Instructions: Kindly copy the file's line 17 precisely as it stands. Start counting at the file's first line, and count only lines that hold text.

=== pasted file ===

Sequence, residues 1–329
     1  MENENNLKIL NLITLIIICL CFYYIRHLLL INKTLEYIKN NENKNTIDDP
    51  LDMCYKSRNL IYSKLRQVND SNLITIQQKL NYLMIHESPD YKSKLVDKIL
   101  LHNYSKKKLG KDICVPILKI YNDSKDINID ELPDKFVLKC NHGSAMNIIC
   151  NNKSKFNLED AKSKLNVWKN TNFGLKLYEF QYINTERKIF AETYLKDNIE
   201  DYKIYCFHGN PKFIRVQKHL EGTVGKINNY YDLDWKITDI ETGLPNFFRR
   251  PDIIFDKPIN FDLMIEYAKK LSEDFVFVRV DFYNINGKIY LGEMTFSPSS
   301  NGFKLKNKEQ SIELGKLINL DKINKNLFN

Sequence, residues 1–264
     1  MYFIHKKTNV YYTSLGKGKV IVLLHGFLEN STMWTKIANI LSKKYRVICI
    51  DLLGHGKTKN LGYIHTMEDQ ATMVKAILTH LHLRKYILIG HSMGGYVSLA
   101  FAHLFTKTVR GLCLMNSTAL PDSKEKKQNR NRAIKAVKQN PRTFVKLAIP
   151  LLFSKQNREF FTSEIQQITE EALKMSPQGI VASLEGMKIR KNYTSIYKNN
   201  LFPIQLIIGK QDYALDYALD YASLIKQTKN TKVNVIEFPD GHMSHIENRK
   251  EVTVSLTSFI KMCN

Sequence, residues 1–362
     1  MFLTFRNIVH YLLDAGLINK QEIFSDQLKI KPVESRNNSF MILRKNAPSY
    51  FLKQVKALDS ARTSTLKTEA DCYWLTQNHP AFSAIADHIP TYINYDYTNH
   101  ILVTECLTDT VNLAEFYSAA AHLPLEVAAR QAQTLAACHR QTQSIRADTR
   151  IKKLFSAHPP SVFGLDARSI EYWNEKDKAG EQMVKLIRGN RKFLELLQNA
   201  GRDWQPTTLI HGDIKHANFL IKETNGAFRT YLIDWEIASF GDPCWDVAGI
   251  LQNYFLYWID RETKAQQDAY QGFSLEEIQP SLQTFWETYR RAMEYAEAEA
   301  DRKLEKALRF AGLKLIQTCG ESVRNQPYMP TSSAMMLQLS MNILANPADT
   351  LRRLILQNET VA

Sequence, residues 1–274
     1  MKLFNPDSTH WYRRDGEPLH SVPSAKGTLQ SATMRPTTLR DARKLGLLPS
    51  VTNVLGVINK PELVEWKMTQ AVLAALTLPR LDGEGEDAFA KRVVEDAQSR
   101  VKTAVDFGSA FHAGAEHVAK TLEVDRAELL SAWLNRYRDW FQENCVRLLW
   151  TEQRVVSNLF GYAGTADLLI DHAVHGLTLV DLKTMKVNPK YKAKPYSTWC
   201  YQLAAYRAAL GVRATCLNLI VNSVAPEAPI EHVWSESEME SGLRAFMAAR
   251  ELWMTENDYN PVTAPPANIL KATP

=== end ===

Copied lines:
     1  MFLTFRNIVH YLLDAGLINK QEIFSDQLKI KPVESRNNSF MILRKNAPSY